“The Study is an undertaking in response to a collective request from the tripartite partners in Guyana to the ILO to not only highlight the socio-economic consequences of the closure of the sugar estates but also to provide information to help with their decision-making to design programmes that mitigate the consequences for affected workers. I therefore hope as we launch this report that we have succeeded to meet this need,” said Dennis Zulu, Director of the ILO Decent Work Team and Office for the Caribbean, during his opening remarks.
At the time of the 2016 – 2017 closing of the Wales, East Demerara, Rose Hall and Skeldon sugar estates, GUYSUCO was the largest employer in the country with a staff of 16,000 and around 160,000 people (one fifth of the population) indirectly dependent on its operations. However sugar, largely produced for an export market, often struggled to garner sufficient demand and maintain competitiveness in global markets. The drastic decline in exports from USD123 million in 2011 to USD49 million in 2017 and USD27.7 million in 2019 reflect the challenges faced by the state-owned sugar industry, managed by GUYSUCO.
“The Study offers many lessons for policymaking and implementation in economic diversification and social services. It underlines the importance of stakeholder consultation and engagement in decision-making. I hope that it can inform decisions on the future of the sugar industry and the broader food industry,” said Mikiko Tanaka, United Nations Resident Coordinator for the Co-operative Republic of Guyana. “Food systems is an area of economic transformation that holds high potential for Guyana’s Sustainable Development Goal pathway. As the UN system and the Government jointly strategize its future cooperation in Guyana, we will closely examine how we can support the development of the food value chain in a way that generates decent work and leaves no one behind.”
Research conducted through the Study found that the livelihoods of sugar workers who were laid off were severely compromised. Concerns faced by workers included feelings that they were too advanced in age to be considered by new employers (especially in the context of wider unemployment in the country), children still at school, and the ability to use skills outside of GUYSUCO.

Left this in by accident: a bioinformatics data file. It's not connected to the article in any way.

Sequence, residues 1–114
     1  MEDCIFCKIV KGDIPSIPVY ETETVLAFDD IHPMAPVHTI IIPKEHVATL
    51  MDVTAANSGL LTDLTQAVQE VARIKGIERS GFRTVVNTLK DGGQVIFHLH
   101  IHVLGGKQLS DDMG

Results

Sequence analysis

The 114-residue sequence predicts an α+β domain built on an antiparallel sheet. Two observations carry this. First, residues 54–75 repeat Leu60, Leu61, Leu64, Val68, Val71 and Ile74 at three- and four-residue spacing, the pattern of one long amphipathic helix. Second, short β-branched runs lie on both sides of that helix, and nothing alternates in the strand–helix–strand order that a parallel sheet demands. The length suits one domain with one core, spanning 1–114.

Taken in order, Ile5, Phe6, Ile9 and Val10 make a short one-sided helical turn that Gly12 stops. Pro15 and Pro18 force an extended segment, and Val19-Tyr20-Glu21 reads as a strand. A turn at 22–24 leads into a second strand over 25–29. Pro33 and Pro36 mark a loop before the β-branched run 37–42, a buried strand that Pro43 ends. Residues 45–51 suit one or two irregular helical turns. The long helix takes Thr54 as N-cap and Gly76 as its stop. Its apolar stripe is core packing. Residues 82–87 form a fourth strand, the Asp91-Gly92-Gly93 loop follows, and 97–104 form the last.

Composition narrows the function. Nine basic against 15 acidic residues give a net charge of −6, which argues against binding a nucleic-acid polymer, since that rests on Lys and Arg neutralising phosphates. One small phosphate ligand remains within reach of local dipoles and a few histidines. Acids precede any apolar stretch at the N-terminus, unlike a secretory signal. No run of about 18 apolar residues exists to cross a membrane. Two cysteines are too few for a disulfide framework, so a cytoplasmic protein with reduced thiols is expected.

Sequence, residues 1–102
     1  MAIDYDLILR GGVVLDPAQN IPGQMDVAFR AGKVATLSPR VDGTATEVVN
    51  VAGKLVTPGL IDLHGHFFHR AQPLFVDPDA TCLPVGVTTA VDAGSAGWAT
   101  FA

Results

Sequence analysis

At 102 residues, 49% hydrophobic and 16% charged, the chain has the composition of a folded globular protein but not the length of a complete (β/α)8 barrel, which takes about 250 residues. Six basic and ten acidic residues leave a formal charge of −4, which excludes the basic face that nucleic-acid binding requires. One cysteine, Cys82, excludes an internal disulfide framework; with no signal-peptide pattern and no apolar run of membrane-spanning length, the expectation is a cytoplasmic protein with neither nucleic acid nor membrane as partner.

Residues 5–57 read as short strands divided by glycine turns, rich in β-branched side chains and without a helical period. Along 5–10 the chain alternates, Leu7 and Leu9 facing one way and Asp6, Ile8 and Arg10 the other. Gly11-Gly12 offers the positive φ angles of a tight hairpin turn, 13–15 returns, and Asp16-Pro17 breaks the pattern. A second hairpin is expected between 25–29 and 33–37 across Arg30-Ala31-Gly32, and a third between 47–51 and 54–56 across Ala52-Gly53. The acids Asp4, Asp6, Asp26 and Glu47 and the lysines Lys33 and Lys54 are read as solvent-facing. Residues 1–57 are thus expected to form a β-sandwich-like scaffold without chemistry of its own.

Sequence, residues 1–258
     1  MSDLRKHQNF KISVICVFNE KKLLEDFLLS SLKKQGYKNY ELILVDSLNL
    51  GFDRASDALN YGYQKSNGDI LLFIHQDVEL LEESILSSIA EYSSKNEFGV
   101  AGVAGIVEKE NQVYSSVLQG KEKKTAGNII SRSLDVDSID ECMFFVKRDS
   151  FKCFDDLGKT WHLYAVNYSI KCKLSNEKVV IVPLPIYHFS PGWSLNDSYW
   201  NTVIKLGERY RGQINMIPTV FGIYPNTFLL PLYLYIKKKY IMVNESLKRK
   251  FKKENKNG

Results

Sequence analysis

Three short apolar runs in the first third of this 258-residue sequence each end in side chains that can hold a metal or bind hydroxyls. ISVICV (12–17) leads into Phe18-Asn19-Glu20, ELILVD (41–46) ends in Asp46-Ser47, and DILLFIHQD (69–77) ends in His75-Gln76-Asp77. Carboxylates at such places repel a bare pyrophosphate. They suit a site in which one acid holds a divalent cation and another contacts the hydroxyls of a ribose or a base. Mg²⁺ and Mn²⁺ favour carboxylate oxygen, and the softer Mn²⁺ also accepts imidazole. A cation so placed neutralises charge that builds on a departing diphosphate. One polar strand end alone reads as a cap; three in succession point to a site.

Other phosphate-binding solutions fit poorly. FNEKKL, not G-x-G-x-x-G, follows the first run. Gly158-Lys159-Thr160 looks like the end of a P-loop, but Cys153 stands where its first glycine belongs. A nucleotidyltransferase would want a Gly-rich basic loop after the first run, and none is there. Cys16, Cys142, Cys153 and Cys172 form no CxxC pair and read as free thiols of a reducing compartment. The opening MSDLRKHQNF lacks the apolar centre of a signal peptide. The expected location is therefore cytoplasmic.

The Honourable Ashni Singh, Senior Minister in the Office of the President with responsibility for Finance spoke at the event on behalf of His Excellency Dr Mohamed Irfaan Ali, President of the Co-operative Republic of Guyana. During his feature remarks, he quoted from the Study to illustrate the depth of the damages caused by the cease in operations.
“GUYSUCO was however more than the estates of which it was comprised. Beyond the national significance of the company as an aggregate of its various operations and estates, and beyond the significance of each estate for the workers and immediate communities that were directly connected with it, was the significance of each estate to a sub-regional economy and even a subsection of society that developed around that estate,” stated Minister Singh.
Dr. Thomas B. Singh, Director of the GREEN Institute of the University of Guyana and author of the Study provided guidance for restoring the profitability of the sugar industry and the livelihoods of workers. Most notably, he recommended complementary investments in cellulosic ethanol production using sugar cane to advance green economy policies that promote sustainable and inclusive growth and commitments to the Paris Climate Agreement.
“This will add renewable energy as a major component of Guyana’s energy portfolio, creating jobs. It will secure technology transfer and local content from major oil companies engaged in advanced biofuel research to provide skills for cellulosic ethanol production so that Guyana can reduce carbon emissions even as it becomes a major oil producer,” explained Dr Singh.
President of the Guyana Agricultural and General Workers’ Union (GAWU) Seepaul Narine noted the value of the research to find collective solutions. “The Report covers a range of issues and sought a comprehensive examination and more importantly the effects of estate closures. It points to several possibilities for the industry’s long-term viability. We are hopeful that GUYSUCO and our policymakers sincerely consider them,” he said during his speech.
The Study of the socio-economic impact of the closure of GUYSUCO sugar estates on sugar workers was made possible through the ILO Caribbean Resilience Project, a two-year programme of targeted technical assistance for a just transition to environmentally sustainable economies in the context of climate change adaptation. For more information about the Project, visit: https://www.ilo.org/caribbean/projects/WCMS_714015/lang--en/index.htm.
The ILO is committed to continuing to support trade unions in Guyana, including capacity building for digitalization skills so that they can emerge from the COVID-19 pandemic prepared for more innovative and sustainable labour markets. The support will be provided through the framework of the current Decent Work Country Programme (DWCP) and beyond.